Confuses the acquisition of treasure with the acquisition of wealth Weakens the country because it robs individuals of the ability To trade freely To benefit from voluntary exchanges Forces countries to produce products it would otherwise not in order to minimize imports ©2004 Prentice Hall

11 Absolute Advantage Export those goods and services for which a country is more productive than other countries Import those goods and services for which other countries are more productive than it is ©2004 Prentice Hall

12 Table 6.1 The Theory of Absolute Advantage: An Example
OUTPUT PER HOUR OF LABOR France Japan Wine 2 1 Clock radios 3 5 ©2004 Prentice Hall

13 Absolute Advantage’s Flaw
What happens to trade if one country has an absolute advantage in both products? No trade would occur ©2004 Prentice Hall

14 Comparative Advantage
Produce and export those goods and services for which it is relatively more productive than other countries Import those goods and services for which other countries are relatively more productive than it is ©2004 Prentice Hall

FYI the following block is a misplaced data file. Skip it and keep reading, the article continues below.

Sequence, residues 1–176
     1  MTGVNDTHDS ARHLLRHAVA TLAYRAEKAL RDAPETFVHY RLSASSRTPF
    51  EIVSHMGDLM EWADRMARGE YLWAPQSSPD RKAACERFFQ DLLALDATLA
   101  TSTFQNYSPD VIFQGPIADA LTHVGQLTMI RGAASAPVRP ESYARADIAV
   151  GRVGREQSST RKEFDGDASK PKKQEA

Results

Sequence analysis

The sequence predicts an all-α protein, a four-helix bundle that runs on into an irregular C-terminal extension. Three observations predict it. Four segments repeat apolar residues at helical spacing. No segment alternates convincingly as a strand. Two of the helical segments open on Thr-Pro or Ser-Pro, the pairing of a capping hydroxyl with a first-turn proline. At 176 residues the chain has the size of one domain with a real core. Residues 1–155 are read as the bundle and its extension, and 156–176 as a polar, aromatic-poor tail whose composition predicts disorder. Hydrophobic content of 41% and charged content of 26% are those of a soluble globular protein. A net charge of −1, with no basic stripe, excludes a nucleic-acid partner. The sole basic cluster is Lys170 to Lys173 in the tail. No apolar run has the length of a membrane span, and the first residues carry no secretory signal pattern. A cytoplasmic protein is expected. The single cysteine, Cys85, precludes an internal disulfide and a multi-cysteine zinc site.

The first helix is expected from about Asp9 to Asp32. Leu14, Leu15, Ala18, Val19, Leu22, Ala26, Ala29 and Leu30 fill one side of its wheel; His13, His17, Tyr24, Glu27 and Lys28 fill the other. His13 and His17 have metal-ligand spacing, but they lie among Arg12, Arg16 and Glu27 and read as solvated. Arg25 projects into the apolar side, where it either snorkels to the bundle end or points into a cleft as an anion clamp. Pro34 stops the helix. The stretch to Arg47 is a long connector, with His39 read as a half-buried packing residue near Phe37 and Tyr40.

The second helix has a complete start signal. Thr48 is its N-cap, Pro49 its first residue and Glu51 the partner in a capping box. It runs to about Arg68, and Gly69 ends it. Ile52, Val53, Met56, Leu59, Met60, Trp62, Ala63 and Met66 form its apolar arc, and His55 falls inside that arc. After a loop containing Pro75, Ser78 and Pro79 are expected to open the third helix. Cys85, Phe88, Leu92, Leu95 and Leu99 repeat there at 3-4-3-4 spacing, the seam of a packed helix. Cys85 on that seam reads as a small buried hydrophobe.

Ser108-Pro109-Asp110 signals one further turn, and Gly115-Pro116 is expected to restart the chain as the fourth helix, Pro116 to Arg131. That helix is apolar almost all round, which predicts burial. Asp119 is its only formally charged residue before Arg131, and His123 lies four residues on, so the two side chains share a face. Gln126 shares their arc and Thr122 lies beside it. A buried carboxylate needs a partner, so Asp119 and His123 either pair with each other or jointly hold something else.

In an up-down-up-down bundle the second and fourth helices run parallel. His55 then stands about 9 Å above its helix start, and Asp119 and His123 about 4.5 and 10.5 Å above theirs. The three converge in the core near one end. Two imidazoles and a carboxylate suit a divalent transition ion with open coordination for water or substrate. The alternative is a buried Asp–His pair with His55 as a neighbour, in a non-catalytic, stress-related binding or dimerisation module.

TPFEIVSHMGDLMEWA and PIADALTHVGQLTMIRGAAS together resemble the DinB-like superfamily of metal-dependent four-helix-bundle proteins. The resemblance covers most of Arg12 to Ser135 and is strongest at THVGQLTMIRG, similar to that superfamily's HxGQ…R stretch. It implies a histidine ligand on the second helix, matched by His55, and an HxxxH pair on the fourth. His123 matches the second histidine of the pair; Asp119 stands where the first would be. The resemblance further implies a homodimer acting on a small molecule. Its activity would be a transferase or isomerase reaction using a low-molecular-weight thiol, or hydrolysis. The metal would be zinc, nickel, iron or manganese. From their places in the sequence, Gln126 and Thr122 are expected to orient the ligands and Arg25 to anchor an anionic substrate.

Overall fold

15 Differences between Comparative and Absolute Advantage
Absolute versus relative productivity differences Comparative advantage incorporates the concept of opportunity cost Value of what is given up to get the good ©2004 Prentice Hall

16 Table 6.2 The Theory of Comparative Advantage: An Example
OUTPUT PER HOUR OF LABOR France Japan Wine 4 1 Clock radios 6 5 ©2004 Prentice Hall

17 Comparative Advantage with Money
One is better off specializing in what one does relatively best Produce and export those goods and services one is relatively best able to produce Buy other goods and services from people who are better at producing them ©2004 Prentice Hall

18 Table 6.3 The Theory of Comparative Advantage with Money: An Example
Cost of Goods in France Cost of Goods in Japan French Made Japanese Made Wine €3 €8 ¥375 ¥1,000 Clock Radios €1.6 ¥250 ¥200 ©2004 Prentice Hall

19 Relative Factor Endowments